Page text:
West Virginia Mountaineers: In The Draft

West Virginia Mountaineers: In The Draft
MORGANTOWN, WV - SEPTEMBER 26: Yodny Cajuste #55 of the West Virginia Mountaineers in action during the game against the Maryland Terrapins on September 26, 2015 at Mountaineer Field in Morgantown, West Virginia. (Photo by Justin K. Aller/Getty Images)

We previously recapped the Mountaineers participating in the NFL combine.  And then we predicted Mountaineers’ prospects draft positions.  Now, the 2019 NFL Draft is officially in the books.  How did the Mountaineers fare in the draft?  And how did we do in our predictions?

West Virginia Mountaineers: In The Draft

Prediction vs. Reality

We predicted that six Mountaineers would be selected in the draft and that two would likely sign as undrafted free agents.  In reality, NFL teams drafted five Mountaineers and signed three more Saturday evening.

We predicted that Will Grier would find his new home in the second round, with a possible surprise landing in the first round.  We were off by a round here, as the Carolina Panthers called Grier in the third round with the 100thpick. Most pundits picked Grier to fall to the third round, so no real surprise here.

We also predicted that a team would draft Yodny Cajuste in the third round.  Indeed, the Patriots drafted Cajuste in the third round with the 101stpick. Next, we predicted David Sills would hear his name in the third round.  Unfortunately, we missed on this prediction as Sills fell out of the draft entirely. Instead, he signed as an undrafted free agent with the Buffalo Bills.  This was one of the bigger surprises of the draft.

Ball-hawk David Long, on the other hand, went closer to where we expected.  He was selected in the fifth round by the Tennessee Titans, while we predicted he would hear his name in the fifth round. Next, we predicted that wideout Gary Jennings would be selected somewhere between the late-third and mid-fourth rounds of the draft. Right on schedule, the Seattle Seahawks selected Jennings in the middle of the fourth.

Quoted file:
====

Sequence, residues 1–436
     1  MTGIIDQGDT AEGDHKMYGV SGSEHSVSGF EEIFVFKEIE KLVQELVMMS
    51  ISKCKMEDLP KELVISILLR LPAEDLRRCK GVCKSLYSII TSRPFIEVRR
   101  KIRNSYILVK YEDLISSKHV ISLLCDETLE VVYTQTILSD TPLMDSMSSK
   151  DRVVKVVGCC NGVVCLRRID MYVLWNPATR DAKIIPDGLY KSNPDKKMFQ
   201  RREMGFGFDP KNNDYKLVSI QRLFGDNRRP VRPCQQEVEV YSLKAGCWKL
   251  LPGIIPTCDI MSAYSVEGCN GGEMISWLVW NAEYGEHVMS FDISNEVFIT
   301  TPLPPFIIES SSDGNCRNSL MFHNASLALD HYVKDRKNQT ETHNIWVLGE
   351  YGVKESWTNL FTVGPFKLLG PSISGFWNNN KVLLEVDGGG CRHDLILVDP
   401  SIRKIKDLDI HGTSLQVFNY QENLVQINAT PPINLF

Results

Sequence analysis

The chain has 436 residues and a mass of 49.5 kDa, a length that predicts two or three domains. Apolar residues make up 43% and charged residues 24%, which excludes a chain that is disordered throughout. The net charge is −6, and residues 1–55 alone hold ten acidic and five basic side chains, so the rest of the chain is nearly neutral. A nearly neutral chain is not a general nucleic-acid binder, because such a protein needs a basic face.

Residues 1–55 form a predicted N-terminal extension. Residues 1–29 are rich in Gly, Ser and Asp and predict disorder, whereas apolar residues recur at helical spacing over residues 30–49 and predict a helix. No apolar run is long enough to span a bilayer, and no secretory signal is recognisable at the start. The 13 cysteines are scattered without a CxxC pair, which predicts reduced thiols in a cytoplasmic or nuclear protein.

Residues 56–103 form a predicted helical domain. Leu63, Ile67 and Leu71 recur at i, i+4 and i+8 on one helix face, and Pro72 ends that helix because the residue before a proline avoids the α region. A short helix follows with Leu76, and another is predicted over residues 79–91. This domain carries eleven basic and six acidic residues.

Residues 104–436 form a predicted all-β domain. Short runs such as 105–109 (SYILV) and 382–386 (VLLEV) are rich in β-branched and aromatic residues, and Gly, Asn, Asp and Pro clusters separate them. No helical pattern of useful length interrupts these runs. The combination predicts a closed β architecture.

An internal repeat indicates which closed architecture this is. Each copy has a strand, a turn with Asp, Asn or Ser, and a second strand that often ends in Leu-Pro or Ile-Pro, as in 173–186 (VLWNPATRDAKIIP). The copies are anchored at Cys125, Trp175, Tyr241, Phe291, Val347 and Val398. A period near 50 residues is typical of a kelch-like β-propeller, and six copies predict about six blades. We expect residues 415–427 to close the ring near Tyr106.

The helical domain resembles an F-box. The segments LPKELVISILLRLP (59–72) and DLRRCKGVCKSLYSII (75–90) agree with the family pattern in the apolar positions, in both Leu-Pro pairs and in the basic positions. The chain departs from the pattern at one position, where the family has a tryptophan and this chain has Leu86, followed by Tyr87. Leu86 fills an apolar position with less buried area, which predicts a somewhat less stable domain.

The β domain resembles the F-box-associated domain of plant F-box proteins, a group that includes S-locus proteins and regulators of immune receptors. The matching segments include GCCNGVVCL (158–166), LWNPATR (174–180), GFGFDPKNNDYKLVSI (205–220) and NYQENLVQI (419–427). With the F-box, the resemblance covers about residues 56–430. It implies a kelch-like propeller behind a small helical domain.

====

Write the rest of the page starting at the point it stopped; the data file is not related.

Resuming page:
With the very next pick in the draft, the Jets selected Trevon Wesco. He represented the most favorable surprise for the Mountaineers.  Most pundits predicted Wesco would be drafted in the late sixth of seventh round, if at all.  We took a more optimistic view and predicted Wesco to come off the board in the fifth round.

Finally, we predicted both Kenny Bigelow and Dravon Askew-Henry would sign as undrafted free agents on draft day.  Indeed, the New Orleans Saints signed Bigelow. And the Pittsburgh Steelers signed Askew-Henry.  Toyous Avery joins Jennings in Seattle as he, too, signed as an undrafted free agent with the Seahawks.  All in all, our predictions panned out well.

How This Compares

Compared to its conference mates, the Mountaineers performed well in the draft. Only the Oklahoma Sooners, with eight, saw more than the five players West Virginia had drafted. TCU was the next-highest with three. Iowa State, Kansas State, Texas, and Oklahoma State all sent two to the NFL through the draft.  Texas Tech and Baylor sent one, while Kansas sent none.

West Virginia has only finished in the top three in recruiting rankings once since joining the Big 12. Indeed, the Mountaineers have finished fifth in recruiting ranking in the conference since joining. Thus, by sending the second-most players to the NFL, the Mountaineers prove yet again that the blue-collar mentality frequently yields better results than the “experts” predict.

Historically, teams drafted five or more Mountaineers in the equivalent of the modern draft format (254 selections) seven other times.  And this is only the second time since 2000 that teams drafted at least five.  The 1989 NFL draft stands as the most productive for the Mountaineers when teams selected seven Mountaineers within the first 254 picks.  In total, NFL teams have drafted 203 Mountaineer players since 1936.

 

 

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